February 26. 2024. 6:20

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Lineker affair exposes BBC’s curious relationship with Conservative power

The frenzy of coverage over Gary Lineker’s tweets about asylum policy and the BBC’s decision – now reversed – to take him off air has flitted around the fringe of a far more consequential issue: the public broadcaster’s curious relationship with government power. Like much of modern Britain, it all goes back to Brexit.

It is obvious why the focus so far has been on Lineker’s story, replete as it is with all the magic ingredients of a modern media mania-fest. It has a virtuous, well-known protagonist (Lineker), an easy villain (home secretary Suella Braverman, who makes asylum policy), simple narratives (censorship and the need for compassion) and an underlying social media frenzy to keep the feedback loop well-oiled.

Now that the initial drama is abating with the Lineker-BBC peace deal, expect the focus to shift more to the impulse within the organisation to take him off the air in the first place. The BBC has left itself open to the accusation that it moves too hard and fast to assuage government criticism.

[ UK Lineker praises ‘predominantly tolerant’ Britain as BBC announces his return to Match of the Day ]

The BBC itself is the ultimate political football and the current Conservative government has delighted in booting it up and down the pitch. There has always been an element of political pressure on the organisation, but the Tories have cranked it up considerably in the last four years.

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Lineker affair exposes BBC’s curious relationship with Conservative power

Lineker affair exposes BBC’s curious relationship with Conservative power

Former prime minister Boris Johnson in June 2019 derided BBC as the “Brexit Bashing Corporation”. Despite flimsy evidence for it, a narrative took hold in Conservative circles that the broadcaster’s top journalists were all pinko remainers. On the contrary, several of its biggest names, such as Andrew Neil, had obvious conservative leanings.

But the Tories kept at it. Johnson’s culture secretary and the minister with responsibility for the BBC, Nadine Dorries, repeatedly accused it of anti-government “impartiality and groupthink”. She froze its licence fee as the cost-of-living crisis took off and even threatened to scrap it altogether.

Meanwhile, Johnson appointed Richard Sharp, a Tony donor, as BBC chairman. Sharp gave a remarkable interview to the Sunday Times last December during which he stated explicitly that the corporation’s journalism was afflicted by “liberal bias”, a catnip admission for Conservative backbenchers. Sharp is now under investigation for failing to declare he helped Johnson to secure an £800,000 loan shortly before the former prime minister appointed him to the BBC.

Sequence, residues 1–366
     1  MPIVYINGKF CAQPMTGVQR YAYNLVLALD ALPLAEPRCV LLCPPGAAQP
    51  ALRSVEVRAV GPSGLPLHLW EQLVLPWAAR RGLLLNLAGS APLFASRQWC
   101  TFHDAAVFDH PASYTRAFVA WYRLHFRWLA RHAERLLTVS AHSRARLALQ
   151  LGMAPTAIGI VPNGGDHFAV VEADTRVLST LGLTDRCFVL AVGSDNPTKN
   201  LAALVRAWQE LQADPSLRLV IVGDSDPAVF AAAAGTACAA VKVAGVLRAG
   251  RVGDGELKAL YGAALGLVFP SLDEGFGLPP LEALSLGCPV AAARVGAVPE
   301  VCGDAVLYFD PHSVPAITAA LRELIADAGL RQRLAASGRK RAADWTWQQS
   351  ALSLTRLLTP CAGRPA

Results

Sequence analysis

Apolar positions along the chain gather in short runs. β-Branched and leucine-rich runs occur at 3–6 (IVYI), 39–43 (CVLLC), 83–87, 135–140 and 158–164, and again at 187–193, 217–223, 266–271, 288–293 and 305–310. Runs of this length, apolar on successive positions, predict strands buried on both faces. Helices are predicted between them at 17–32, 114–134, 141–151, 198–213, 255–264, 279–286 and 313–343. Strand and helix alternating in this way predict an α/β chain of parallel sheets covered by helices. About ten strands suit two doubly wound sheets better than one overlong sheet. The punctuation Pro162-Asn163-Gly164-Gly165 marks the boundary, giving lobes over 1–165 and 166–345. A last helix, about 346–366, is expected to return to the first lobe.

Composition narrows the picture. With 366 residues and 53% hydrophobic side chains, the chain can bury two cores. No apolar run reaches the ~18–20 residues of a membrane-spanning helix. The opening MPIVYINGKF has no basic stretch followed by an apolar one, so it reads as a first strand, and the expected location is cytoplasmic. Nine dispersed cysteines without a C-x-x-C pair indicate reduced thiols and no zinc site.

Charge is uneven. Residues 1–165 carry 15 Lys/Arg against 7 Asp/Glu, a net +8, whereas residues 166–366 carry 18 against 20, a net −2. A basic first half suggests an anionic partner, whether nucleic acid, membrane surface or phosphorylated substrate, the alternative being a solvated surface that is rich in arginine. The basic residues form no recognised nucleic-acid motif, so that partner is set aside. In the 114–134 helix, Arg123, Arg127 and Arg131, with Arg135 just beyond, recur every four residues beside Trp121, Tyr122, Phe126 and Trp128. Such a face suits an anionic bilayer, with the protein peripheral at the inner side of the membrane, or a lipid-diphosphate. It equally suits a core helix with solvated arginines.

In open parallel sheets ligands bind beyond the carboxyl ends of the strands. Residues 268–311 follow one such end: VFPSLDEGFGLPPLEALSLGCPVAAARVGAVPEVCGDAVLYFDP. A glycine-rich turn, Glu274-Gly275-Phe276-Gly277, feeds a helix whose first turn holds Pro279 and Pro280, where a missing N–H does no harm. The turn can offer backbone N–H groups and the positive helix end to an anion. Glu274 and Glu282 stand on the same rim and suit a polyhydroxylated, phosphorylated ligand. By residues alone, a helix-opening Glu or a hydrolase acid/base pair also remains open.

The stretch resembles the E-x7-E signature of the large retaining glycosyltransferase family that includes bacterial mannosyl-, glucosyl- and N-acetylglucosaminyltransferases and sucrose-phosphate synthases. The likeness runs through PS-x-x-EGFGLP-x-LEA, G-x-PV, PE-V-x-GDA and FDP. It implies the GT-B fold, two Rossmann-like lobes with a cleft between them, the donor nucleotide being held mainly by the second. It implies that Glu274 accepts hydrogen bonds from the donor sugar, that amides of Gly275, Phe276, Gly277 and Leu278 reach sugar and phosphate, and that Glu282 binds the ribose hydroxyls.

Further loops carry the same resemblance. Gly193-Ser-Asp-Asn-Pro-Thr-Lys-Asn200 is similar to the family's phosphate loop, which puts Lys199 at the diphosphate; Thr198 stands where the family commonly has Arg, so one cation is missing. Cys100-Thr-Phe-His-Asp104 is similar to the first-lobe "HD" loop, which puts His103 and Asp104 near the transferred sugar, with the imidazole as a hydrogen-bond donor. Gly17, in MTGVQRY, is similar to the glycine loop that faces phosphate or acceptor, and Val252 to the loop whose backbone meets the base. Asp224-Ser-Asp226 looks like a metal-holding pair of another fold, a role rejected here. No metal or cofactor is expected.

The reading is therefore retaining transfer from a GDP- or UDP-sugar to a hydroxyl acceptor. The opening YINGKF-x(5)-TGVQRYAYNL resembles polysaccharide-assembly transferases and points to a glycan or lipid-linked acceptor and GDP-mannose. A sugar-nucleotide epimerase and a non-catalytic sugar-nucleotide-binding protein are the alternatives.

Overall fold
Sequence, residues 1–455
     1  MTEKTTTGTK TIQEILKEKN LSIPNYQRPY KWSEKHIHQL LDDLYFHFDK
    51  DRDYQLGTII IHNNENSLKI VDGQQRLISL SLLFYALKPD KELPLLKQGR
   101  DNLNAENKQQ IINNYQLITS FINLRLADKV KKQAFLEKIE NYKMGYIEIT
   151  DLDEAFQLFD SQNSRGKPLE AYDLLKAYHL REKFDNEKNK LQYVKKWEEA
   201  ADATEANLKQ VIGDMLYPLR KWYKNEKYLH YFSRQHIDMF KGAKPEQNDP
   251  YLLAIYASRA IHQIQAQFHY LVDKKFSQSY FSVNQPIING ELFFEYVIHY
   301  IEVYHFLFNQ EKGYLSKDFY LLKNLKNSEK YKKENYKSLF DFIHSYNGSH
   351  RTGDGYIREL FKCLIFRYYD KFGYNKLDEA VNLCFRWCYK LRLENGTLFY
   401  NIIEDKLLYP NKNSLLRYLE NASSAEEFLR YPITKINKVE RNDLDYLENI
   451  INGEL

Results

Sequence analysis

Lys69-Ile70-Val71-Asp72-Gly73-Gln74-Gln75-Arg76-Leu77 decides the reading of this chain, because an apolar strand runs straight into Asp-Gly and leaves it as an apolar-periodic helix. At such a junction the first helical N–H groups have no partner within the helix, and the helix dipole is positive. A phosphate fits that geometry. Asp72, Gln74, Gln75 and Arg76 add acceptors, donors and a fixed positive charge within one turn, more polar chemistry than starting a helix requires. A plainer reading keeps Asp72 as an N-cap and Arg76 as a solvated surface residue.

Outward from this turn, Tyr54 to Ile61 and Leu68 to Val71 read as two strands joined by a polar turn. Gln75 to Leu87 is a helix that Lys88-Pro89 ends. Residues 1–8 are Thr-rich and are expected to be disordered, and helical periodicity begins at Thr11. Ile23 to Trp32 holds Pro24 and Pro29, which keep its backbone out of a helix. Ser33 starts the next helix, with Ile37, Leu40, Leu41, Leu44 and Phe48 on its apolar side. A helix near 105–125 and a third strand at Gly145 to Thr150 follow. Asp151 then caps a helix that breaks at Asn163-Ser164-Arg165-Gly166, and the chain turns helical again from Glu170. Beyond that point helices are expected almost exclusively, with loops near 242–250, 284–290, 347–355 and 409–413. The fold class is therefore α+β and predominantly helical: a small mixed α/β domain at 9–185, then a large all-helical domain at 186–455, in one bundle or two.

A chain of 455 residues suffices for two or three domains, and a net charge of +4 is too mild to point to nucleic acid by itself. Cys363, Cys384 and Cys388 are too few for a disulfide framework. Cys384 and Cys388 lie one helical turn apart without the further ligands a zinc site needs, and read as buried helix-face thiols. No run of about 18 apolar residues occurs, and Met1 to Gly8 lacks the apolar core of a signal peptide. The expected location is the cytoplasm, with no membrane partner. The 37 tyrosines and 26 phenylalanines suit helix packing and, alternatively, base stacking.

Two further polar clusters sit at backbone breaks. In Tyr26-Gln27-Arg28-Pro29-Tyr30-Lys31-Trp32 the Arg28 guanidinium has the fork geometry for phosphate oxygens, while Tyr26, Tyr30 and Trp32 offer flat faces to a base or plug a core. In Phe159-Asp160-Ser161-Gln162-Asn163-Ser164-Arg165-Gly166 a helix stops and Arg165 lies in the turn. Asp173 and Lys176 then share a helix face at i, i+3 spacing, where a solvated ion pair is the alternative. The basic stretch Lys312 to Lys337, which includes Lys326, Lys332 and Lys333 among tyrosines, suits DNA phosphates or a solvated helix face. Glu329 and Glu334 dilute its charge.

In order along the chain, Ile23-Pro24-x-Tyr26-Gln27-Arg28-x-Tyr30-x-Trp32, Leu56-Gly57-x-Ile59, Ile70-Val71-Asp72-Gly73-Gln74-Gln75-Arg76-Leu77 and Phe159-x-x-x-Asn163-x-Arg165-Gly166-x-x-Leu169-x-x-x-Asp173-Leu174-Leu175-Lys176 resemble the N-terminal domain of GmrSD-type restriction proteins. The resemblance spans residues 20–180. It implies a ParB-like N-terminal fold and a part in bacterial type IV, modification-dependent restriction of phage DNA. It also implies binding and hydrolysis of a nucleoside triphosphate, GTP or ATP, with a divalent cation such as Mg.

Tim Davie, the BBC director general who took Lineker off air for criticising Conservative party policy, is also a former Tory candidate and activist. Another of its directors, Robbie Gibb, used to run communications at Number 10. Former BBC journalist Emily Maitlis last year accused Gibb of being an “active agent” of the Conservatives on the BBC’s board. The Financial Times, meanwhile, has disclosed texts from him to news executives warning against journalistic appointments that would displease the government.

[ Gary Lineker is politically juvenile, but the BBC is utterly naive ]

Maitlis, who was one of the BBC’s top journalists, left not long after she was censured for a segment criticising the government over its officials breaching their own lockdown rules. Later, she revealed that her censure came after a direct complaint from the government. Such complaints were also common under previous governments, she said. But the difference here was that the organisation had been so quick to accept the current government’s complaint “without any kind of due process”.

“It makes no sense,” she said, warning that BBC was now highly exposed to mischievous accusations of “bias” from government circles.

The perception now is that the BBC, now overseen by people with close Tory connections, may have become over-sensitive to the relentless torrent of accusations from Conservative circles that editorial staff are anti-government, and this could be prompting it to over-compensate with knee-jerk actions, such as the suspension of Lineker.

That problem may be more difficult to solve than a spat with its highest-profile presenter.